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Nearly 40 years after Lee Rotatori was found sexually assaulted and stabbed to death in an Iowa hotel, investigators believe they’ve found her killer—but the man was viciously murdered himself just four months after the slaying.
Council Bluffs Police are now trying to determine whether there’s any connection between the two deaths, according to a statement from authorities.
Before her death, Rotatori had started a job at Jennie Edmundson Hospital and was staying at an area Best Western Frontier Hotel while she was looking for a permanent place to live.
Her husband, Jerry Nemke, was expected to join her in Council Bluffs after she got settled, according to The Daily Nonpareil.
But on June 25, 1982 Rotatori failed to show up at her new job—where she worked as the food service director—and her boss asked the hotel staff to check on her, police said.
The 32-year-old was found lying on a blood-soaked bed in her hotel room, wearing her pajamas. She had been stabbed in the heart, according to a 1982 report from The Omaha World Herald.
Police also found “evidence of a sexual assault.”
Although Nemke had a violent past, investigators ruled him out as a possible suspect in the killing after he produced a solid alibi, The Daily Nonpareil reports.
Nemke had been arrested in 1960, while living in Chicago, for beating a local waitress to death. He was convicted and sent to the Menard Correctional Facility in southern Illinois, until he was released from the prison in 1978. He married Rotatori that same year, but the couple divorced a year later before getting remarried in 1981.
After ruling Nemke out as a suspect, investigators were left with few leads to go on and the case eventually went cold. As advances in DNA were made, investigators resubmitted evidence to the Iowa Division of Criminal Investigation in 2001, police said. The lab was able to identify a male DNA profile, but was unable to match the DNA to anyone in existing databases at the time.
Nearly two decades later, in 2018, Council Bluffs Police Capt. Todd Weddum was watching a news program on Joseph DeAngelo Jr., the Golden State Killer, when he learned about the use of genetic genealogy as a possible tool to solve cold cases and decided to apply it to the Rotatori case.
“There wasn’t much else we could do on the case,” he told The Daily Nonpareil.
In April of 2019, they sent their DNA sample to Parabon Nanolabs, a company specializing in DNA phenotyping, and were given a profile of the suspect. A later follow-up report from the company identified the suspect’s distant relatives after comparing the sample to DNA samples submitted to family ancestry companies.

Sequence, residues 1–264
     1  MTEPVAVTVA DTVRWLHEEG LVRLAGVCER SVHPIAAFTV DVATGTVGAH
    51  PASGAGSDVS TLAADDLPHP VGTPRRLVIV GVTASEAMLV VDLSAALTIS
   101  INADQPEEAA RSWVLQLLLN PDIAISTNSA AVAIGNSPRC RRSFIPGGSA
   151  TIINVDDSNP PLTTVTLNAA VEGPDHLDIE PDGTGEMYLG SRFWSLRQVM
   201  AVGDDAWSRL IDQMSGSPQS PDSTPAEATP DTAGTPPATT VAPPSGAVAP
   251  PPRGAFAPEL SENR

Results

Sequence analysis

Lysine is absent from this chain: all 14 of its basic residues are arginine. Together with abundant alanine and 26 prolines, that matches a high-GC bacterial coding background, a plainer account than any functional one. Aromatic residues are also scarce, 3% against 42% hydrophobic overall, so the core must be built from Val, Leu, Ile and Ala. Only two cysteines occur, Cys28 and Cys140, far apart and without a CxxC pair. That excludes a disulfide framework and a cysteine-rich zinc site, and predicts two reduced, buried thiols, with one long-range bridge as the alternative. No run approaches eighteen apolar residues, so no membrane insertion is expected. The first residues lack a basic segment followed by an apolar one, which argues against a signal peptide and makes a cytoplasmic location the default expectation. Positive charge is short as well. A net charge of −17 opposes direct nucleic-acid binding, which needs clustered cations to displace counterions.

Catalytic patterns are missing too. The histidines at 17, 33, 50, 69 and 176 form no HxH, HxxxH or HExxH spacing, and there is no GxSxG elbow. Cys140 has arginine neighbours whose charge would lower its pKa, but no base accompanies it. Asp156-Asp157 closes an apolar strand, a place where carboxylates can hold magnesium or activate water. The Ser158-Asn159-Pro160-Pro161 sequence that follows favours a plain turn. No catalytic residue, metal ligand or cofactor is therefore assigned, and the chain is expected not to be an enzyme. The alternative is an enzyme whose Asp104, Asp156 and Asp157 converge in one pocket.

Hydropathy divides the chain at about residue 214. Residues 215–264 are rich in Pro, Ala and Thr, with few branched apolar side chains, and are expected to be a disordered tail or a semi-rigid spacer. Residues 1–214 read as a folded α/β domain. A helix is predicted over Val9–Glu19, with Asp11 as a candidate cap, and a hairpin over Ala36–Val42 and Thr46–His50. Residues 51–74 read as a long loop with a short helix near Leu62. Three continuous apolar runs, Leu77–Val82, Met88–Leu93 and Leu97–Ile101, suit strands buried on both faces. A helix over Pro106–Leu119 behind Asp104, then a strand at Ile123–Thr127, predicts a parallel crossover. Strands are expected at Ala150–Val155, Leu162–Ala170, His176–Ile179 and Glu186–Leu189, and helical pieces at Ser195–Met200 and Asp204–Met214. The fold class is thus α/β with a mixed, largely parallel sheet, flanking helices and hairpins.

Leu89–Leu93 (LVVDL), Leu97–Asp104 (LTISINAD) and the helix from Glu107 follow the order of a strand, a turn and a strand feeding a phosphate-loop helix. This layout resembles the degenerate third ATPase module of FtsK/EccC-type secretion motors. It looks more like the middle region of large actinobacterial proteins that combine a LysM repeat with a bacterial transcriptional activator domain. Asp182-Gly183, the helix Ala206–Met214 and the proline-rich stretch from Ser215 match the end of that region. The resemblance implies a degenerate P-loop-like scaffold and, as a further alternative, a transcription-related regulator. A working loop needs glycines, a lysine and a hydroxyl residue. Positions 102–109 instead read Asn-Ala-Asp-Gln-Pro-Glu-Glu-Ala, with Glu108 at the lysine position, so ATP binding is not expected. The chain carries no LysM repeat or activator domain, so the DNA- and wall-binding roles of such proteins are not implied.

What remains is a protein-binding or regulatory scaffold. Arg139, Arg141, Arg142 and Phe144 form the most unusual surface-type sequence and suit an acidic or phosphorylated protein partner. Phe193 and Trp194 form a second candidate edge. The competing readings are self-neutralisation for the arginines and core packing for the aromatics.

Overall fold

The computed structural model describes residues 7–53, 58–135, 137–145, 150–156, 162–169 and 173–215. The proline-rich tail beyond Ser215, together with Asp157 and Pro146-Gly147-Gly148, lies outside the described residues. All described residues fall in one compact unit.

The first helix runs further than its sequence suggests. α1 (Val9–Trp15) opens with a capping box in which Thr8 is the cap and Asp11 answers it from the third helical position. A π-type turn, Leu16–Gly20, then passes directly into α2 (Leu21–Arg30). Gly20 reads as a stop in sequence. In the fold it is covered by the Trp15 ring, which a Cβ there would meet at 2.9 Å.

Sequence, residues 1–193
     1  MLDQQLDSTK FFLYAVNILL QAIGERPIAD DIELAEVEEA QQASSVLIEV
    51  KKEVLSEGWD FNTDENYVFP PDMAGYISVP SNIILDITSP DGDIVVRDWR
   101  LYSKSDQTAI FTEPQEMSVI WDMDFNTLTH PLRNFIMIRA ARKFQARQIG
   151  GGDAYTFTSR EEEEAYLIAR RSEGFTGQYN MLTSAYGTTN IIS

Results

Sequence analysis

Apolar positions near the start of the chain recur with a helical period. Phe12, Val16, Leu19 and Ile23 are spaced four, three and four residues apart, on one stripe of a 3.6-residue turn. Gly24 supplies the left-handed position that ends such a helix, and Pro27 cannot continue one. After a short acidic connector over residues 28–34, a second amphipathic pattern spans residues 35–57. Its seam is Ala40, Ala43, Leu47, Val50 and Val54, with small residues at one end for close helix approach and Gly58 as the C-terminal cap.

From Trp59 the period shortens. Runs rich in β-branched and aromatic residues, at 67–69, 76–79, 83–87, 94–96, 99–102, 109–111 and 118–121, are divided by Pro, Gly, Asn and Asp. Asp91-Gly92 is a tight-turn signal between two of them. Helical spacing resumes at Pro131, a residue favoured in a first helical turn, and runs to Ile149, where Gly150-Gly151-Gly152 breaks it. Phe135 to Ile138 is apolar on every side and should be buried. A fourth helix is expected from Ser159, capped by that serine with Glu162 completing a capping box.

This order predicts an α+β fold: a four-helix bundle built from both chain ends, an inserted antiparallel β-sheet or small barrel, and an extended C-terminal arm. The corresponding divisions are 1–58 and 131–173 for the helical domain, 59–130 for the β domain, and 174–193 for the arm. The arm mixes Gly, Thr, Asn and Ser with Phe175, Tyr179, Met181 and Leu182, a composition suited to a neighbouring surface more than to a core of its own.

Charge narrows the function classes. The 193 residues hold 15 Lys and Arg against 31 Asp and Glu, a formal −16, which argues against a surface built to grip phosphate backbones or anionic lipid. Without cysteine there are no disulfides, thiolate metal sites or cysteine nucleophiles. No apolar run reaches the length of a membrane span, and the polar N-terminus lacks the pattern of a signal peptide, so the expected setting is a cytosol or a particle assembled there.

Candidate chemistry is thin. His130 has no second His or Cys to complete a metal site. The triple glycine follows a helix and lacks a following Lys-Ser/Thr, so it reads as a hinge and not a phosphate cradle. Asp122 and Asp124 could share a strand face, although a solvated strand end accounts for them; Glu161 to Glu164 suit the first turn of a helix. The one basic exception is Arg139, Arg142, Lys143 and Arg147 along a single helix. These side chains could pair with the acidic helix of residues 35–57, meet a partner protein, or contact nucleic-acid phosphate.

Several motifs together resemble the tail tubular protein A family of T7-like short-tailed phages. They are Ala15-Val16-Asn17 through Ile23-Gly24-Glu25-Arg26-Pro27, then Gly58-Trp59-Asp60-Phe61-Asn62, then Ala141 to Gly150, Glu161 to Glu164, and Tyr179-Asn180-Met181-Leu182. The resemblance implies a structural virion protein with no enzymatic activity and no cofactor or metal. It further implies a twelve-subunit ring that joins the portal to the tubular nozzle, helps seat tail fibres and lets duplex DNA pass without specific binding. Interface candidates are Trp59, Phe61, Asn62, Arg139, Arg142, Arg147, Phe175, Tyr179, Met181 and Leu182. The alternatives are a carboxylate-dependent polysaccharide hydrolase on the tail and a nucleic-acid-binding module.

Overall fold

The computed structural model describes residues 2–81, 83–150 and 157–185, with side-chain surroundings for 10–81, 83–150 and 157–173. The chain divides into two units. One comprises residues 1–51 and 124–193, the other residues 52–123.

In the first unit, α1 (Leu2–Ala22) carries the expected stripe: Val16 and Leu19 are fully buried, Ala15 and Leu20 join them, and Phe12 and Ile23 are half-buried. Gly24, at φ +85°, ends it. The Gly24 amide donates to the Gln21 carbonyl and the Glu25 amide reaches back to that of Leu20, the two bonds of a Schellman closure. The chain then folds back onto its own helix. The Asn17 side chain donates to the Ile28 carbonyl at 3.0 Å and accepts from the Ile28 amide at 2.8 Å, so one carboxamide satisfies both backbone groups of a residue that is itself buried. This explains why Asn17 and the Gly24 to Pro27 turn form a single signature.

But it wasn’t until young college student, Eric Schubert, contacted the department and offered to help narrow down the possibilities by building out a family tree that investigators got the break they needed.
“He was very rapidly able to get to the great-grandparent of our subject,” Council Bluffs Police Det. Steve Andrews told the local paper. “From that, the family tree branched in a multitude of branches, hundreds of names of people. I’d locate those people, reach out to family members, request their assistance on the case. More often than not they were happy to submit a kit for us.”
The team eventually narrowed the possible suspects down to a pair of brothers and identified Thomas O. Freeman as the likely killer due to his age at the time of the crime. They were able to confirm the link after collecting a DNA sample from Freeman’s daughter and confirming she had a parent/child relationship to the DNA found at the crime scene.
But Freeman had died in his own brutal murder just months after Rotatori’s death. The 35-year-old had been found buried in a shallow grave with “multiple gunshot wounds” on Oct. 30, 1982 in Cobden, Illinois, not far from where he lived. Investigators suspected the truck driver had been dead for about three months before the body was discovered, police said.
His killer was never identified.
“Council Bluffs investigators are currently working with the Illinois State Police to determine if Freeman’s murder was someone linked to his involvement in Rotatori’s death,” police said.
While police have been unable to find any link between Freeman and Rotatori, they haven’t ruled out a possible connection between Freeman and her husband.
Weddum told The Daily Nonpareil that Nemke had once gone to college in Carbondale, Illinois, which is only about 15 miles from where Freeman’s body was discovered.
“Two months later, he dies a violent death. I’m not a real big believer in coincidences,” Weddum said of the possibility the two cases could be linked.
Investigators have said Nemke, who died himself in 2019, is considered a person of interest in Freeman’s death.
“With his known history of being in the area of where our suspect lived and where our suspect died, it raises suspicions of his involvement. That he possibly could’ve been involved,” Weddum said.
However, at this point, Freeman’s death remains unsolved and authorities are still left wondering why Rotatori was killed.
“We always knew the when, the where, the how of this case,” Andrews told KETV. “It wasn't until recently that we found out the who but now because he's dead, we'll never know the why.”
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